More than 1,000 students and community members gathered in solidarity on the Diag Tuesday night following a grand jury decision Monday not to charge a Ferguson, Missouri police officer with the August shooting death of teenager Michael Brown.
The vigil, which occurred in conjunction with events across the country, was intended to create a space for healing as well as increase awareness of the case and broader issues on race relations nationwide.
Student organizers said they hoped to hold a vigil for Michael Brown and others that have been subject to police violence across the nation. Student organizations supporting the vigil included the Black Student Union, Students Allied for Freedom and Equality and the Student Union of Michigan.
LSA sophomore Noor Ahmad, an event organizer, said she saw the situation as an opportunity to inspire discussion and catalyze change.
“Since so many people feel so helpless in these kinds of situations, we wanted to have an open, peaceful forum for people to talk about it and to come together as a community to do something,” Ahmad said. “People are so upset, and this is something to get everyone even more fired up to really want to make a change.”
The grand jury’s decision not to indict Wilson followed three months of heightened tensions in Ferguson. The decision drew crowds near the city’s police station, where thousands of people gathered peacefully. Despite calls for calm by the county prosecutor and President Barack Obama, arson and looting damaged local businesses as the night went on. By the end of the night, law enforcement reported at least 61 arrests.
Movements to address race relations and campus climate are not unfamiliar to the campus community. The University’s Black Student Union and the organization By Any Means Necessary have held events and protests in recent months, largely in response to stagnant minority enrollment at the University.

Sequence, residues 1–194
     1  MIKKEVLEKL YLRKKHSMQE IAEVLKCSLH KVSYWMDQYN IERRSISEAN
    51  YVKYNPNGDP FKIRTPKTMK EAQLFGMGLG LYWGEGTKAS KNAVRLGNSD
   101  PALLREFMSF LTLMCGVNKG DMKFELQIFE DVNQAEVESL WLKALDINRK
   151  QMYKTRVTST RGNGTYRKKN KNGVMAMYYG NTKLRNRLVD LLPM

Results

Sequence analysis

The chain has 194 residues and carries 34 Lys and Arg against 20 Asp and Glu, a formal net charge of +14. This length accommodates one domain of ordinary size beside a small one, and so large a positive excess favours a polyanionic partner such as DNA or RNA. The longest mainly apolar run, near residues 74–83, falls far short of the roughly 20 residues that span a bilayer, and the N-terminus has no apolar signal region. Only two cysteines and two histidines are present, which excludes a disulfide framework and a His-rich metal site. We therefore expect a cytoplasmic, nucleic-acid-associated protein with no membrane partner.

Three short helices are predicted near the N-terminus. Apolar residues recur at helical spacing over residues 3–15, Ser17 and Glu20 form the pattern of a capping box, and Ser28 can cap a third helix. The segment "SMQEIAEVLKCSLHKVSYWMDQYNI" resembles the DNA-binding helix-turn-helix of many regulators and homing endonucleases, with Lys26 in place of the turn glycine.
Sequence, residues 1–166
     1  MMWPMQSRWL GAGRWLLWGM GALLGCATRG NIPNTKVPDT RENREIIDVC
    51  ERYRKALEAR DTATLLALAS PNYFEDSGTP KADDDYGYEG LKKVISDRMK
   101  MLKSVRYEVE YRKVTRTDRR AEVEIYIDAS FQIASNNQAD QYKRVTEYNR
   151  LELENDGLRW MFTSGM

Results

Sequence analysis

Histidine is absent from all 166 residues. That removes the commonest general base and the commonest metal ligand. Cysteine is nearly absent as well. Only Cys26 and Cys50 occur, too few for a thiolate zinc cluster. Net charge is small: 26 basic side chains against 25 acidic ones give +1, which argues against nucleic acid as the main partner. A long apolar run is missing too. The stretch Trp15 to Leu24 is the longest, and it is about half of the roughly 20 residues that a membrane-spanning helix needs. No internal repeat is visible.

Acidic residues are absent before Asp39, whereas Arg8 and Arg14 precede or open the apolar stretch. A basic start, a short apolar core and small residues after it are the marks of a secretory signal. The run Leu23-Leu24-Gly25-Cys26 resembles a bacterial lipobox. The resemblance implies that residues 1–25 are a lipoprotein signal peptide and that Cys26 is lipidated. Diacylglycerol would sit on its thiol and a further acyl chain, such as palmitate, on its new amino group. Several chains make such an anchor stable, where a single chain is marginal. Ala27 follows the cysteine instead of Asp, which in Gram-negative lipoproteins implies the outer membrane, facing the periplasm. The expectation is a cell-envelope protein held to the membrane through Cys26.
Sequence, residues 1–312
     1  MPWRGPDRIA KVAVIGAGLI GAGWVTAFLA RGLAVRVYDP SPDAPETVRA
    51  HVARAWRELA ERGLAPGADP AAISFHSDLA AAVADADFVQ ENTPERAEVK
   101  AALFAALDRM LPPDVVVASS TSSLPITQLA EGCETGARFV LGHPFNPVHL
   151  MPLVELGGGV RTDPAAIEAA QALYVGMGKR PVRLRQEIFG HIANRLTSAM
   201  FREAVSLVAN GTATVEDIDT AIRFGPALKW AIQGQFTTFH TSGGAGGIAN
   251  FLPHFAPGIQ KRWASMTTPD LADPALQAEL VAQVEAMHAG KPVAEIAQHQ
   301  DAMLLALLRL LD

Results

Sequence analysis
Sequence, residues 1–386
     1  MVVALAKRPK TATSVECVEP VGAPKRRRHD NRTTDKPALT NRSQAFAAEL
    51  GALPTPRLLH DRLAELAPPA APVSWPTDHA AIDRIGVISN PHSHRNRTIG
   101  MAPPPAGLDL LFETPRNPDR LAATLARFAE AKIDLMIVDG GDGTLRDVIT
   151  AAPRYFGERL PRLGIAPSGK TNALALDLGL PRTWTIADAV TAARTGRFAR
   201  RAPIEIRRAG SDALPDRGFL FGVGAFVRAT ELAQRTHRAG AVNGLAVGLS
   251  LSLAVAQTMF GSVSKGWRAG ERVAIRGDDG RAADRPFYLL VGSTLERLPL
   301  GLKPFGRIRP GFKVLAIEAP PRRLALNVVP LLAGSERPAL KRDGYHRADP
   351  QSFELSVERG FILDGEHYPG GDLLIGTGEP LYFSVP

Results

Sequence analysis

LSA junior Imani Gunn, BSU political actions co-chair, said the discussion of Brown’s death goes beyond issues of race.
“I think it’s really important to make people aware of the Mike Brown decision,” Gunn said. “It is our goal to make sure people know we are not OK with this decision. Our voices need to be heard, and I think if you want to look at it as a race thing you can, but also as a human rights thing. Someone deserves to be held responsible, so I think that’s why a lot of people are finding a personal reason to be involved in this cause, no matter their race.”
Members of the BSU also painted the rock at the corner of Washtenaw Avenue and Hill Street Tuesday afternoon black with red letters reading “Black lives matter” and “Be the change.”
LSA senior Geralyn Gaines, BSU vice speaker, said organizers hoped to draw attention to the Brown case.
“I think our reason for painting the rock tonight was the first step in trying to raise awareness around campus and how those repercussions will effect our day to day interactions with one another on campus,” she said. “Looking back to the Trayvon Martin trial, for this to happen again is really crazy at this point.”
The group later marched to Ann Arbor City Hall, blocking traffic on East Liberty Street.
Community members in attendance chanted, “Hands up, don’t shoot” and “These racists cops have got to go.” Ypsilanti resident Tony Morgan spoke to the crowd, saying justice must come from the people, and it is their voices and actions only that have the power to change institutions.
“We have to get the blood off of our hands,” he said. “We have to understand that this is about human rights. It’s 2014, and we still don’t have equal rights. Some of you understand that there is a chance the system may not work for you some day, and it’s not just the cops, because they are just the ones on the ground. They are doing the dirty work, but a lot of the time, those victims look a lot like me and you. For every Mike Brown and Treyvon, there are a thousand more.”
Attorney General Eric Holder has initiated a federal investigation, despite the grand jury’s decision, and the Justice Department is nearing a decision on whether to press federal charges.